To optimize the health of rural citizens and the economic wellbeing of rural communities by identifying, enabling and advocating actions which add value to both.
Health, economically vibrant communities across rural Wisconsin.
To encourage and engage meaningful participation and interactive support from key mission-supportive collaborators and to focus its efforts on a select number of key strategic initiatives.
The literature of rural economic development documents its interdependent linkage with the development and availability of quality rural health services to attract, sustain, and retain a healthy, productive rural business workforce.
The Council’s strategic planning effort has identified a number of public, quasi-public and private entities whose key responsibilities deal with one or more elements of rural health development and/or economic development, and who make both unique and complementary contributions to both sectors.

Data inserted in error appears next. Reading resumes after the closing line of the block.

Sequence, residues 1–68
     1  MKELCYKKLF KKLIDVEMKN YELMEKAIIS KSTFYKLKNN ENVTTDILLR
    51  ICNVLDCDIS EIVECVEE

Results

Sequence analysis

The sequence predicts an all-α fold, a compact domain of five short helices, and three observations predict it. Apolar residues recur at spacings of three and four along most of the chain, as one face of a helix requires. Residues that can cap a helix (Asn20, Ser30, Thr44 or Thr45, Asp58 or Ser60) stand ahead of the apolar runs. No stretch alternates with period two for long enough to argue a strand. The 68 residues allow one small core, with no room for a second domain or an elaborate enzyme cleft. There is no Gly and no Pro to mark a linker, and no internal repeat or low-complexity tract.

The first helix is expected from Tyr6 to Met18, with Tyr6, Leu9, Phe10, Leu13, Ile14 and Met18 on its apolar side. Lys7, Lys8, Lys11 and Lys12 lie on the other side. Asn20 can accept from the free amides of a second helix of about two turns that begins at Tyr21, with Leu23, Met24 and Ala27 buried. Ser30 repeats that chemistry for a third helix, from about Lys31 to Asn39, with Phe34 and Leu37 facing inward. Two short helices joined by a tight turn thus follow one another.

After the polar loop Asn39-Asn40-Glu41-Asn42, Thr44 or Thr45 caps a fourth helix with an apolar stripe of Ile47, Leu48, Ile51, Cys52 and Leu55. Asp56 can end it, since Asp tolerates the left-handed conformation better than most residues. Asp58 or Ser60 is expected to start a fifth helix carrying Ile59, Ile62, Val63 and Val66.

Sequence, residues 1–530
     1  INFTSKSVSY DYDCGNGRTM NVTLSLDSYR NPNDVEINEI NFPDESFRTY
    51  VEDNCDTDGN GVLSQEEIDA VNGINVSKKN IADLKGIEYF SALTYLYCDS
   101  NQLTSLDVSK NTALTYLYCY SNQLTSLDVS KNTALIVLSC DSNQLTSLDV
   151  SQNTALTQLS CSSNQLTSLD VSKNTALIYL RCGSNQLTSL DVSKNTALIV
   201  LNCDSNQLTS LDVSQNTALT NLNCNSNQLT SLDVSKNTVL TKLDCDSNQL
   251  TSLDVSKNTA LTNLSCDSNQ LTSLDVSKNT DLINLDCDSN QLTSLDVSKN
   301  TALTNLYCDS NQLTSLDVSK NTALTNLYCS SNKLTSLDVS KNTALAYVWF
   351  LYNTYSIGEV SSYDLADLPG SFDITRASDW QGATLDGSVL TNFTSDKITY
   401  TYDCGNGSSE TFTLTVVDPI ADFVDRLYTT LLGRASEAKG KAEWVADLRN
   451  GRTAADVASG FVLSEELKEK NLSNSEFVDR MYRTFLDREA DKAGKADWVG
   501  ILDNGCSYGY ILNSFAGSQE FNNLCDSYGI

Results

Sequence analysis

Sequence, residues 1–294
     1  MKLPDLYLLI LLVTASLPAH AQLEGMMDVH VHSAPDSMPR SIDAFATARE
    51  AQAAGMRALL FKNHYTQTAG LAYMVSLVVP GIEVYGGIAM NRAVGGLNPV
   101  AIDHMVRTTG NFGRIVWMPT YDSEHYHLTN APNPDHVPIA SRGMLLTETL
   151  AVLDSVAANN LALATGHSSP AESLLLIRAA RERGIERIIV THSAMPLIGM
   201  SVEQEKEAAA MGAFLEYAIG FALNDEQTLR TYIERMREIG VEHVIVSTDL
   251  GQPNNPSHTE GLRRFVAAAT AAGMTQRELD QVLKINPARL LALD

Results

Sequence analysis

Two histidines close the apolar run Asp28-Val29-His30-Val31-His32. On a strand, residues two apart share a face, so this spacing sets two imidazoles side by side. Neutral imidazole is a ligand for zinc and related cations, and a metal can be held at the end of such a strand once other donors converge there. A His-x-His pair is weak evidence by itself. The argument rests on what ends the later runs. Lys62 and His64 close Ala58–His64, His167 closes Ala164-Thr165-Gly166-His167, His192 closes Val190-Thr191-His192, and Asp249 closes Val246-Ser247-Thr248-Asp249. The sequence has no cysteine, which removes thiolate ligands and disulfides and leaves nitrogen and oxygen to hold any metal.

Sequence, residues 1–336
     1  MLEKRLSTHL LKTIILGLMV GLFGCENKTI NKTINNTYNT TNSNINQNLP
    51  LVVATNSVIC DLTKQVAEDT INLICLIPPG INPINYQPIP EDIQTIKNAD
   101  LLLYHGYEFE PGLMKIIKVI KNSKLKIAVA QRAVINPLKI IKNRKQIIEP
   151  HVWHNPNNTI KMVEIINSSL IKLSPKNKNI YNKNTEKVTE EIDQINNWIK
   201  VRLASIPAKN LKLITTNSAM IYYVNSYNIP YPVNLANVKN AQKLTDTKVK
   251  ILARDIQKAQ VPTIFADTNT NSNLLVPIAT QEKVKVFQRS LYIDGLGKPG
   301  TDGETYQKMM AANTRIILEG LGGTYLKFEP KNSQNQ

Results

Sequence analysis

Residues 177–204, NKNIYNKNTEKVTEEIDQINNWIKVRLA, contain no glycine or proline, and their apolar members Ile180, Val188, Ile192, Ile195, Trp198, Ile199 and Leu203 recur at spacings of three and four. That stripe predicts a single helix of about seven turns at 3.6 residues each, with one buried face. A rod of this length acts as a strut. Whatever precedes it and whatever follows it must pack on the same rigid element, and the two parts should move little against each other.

Some of these entities have well-designed, effective linkages with collaborative entities within or between the sectors. Others may be just arriving at an awareness of the value of this kind of collaboration. As a result, there are missed opportunities, unattended needs and inadvertent consequences that a representative and collaborative body could help identify and address.
After discussion as to the most appropriate mechanism to explore this idea, the Council decided to create an interim Rural Health & Economic Development Forum (hereafter referred to as the Forum) comprised of current Council members and representatives of potential collaborative entities to test the promise of this strategic initiative.
Four categories of collaborators whose perspectives and programs relate to the rural health development and/or rural economic development sectors are represented on the Forum, including:
- State Agencies/Offices/Authorities
- Rural Health Workforce Educators, Trainers, Developers and Researchers
- Practicing Rural Health Professionals, System Managers and Associations
- Public/Private Business and Rural Development Programs